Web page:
A federal judge again ordered the Ten Commandments removed from public buildings in three Kentucky counties, saying their display violated the separation of church and state.

In her order filed Friday, U. S. District Judge Jennifer Coffman said the displays in schools and courthouses in the counties must be removed immediately.

Coffman had ordered the displays taken down last year after the American Civil Liberties Union filed suit challenging their constitutionality.

Each of the counties — Harlan, McCreary and Pulaski — obeyed her order, but then replaced the former displays with new ones that included the commandments along with documents such as the Declaration of Independence and the Bill of Rights.

Mathew Staver, an attorney for the Liberty Counsel, a conservative legal defense organization based in Orlando, Fla., argued that the latest displays pass constitutional muster because the commandments get the same billing as the other documents.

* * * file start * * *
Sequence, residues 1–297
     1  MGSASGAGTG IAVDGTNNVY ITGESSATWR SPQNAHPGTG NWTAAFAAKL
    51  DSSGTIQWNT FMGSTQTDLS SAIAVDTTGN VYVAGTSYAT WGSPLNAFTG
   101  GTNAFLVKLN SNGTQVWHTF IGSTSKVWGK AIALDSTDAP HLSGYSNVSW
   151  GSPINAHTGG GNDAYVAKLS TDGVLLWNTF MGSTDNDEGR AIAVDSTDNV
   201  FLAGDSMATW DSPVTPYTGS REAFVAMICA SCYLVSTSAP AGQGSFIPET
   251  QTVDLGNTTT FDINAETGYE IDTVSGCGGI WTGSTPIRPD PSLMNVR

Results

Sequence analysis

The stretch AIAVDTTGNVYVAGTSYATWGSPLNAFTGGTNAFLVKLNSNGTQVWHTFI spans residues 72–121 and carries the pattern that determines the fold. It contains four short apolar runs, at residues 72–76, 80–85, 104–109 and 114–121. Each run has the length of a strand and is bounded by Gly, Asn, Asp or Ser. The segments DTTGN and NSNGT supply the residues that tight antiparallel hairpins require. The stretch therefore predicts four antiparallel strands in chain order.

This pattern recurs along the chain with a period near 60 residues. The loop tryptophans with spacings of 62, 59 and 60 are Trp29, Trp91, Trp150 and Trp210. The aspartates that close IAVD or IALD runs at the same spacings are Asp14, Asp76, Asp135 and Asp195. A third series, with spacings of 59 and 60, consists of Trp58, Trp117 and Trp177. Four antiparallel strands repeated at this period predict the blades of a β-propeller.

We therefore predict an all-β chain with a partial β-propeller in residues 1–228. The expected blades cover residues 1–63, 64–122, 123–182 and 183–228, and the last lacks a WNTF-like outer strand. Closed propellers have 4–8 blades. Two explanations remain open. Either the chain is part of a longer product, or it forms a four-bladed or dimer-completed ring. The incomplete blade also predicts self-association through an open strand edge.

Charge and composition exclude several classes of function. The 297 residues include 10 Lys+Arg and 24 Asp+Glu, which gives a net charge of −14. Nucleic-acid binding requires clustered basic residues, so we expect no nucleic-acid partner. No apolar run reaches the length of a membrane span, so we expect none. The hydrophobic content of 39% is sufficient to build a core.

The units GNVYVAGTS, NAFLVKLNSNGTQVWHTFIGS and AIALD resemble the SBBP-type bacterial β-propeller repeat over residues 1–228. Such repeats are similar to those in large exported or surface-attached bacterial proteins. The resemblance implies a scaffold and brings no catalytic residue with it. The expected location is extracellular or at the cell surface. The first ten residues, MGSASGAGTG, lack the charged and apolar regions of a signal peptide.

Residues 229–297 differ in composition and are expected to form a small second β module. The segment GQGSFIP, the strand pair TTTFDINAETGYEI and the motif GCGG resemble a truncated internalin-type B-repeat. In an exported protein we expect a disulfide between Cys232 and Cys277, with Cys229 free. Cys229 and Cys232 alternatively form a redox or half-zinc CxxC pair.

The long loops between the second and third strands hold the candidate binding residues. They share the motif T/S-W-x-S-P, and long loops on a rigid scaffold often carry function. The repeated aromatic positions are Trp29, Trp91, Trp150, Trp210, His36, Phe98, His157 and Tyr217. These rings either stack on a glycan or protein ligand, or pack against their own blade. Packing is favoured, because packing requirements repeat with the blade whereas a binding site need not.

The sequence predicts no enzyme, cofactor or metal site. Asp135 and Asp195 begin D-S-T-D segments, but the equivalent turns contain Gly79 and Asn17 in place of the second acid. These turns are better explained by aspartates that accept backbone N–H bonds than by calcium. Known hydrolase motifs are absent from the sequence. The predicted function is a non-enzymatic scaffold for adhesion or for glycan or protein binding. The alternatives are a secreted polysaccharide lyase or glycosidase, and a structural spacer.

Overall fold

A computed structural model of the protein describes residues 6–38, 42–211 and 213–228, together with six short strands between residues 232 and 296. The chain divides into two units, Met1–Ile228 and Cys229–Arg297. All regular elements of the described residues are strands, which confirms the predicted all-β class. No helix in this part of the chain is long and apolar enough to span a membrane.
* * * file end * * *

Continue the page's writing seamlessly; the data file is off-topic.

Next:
Coffman sided with the ACLU, which alleged the displays violated a constitutional divide between church and state.

In March, Coffman asked opposing sides in the case to try to negotiate a compromise. Attorneys for the ACLU and the Liberty Counsel were unable to reach an agreement.

"We're delighted with the outcome," said David Friedman, an attorney for the ACLU.

Supporters of the display were angered that Coffman had granted the preliminary injunction, pending the outcome of the ACLU lawsuit.

"It's unbelievable that she would rule this way," said David Carr, vice president of the Ten Commandments Advancement Fund in Kentucky. "The ruling is unconstitutional, un-American and very, very disturbing."

"The case will, one way or the other, be decided by the appellate court, and from there possibly even the U.S. Supreme Court," Staver said.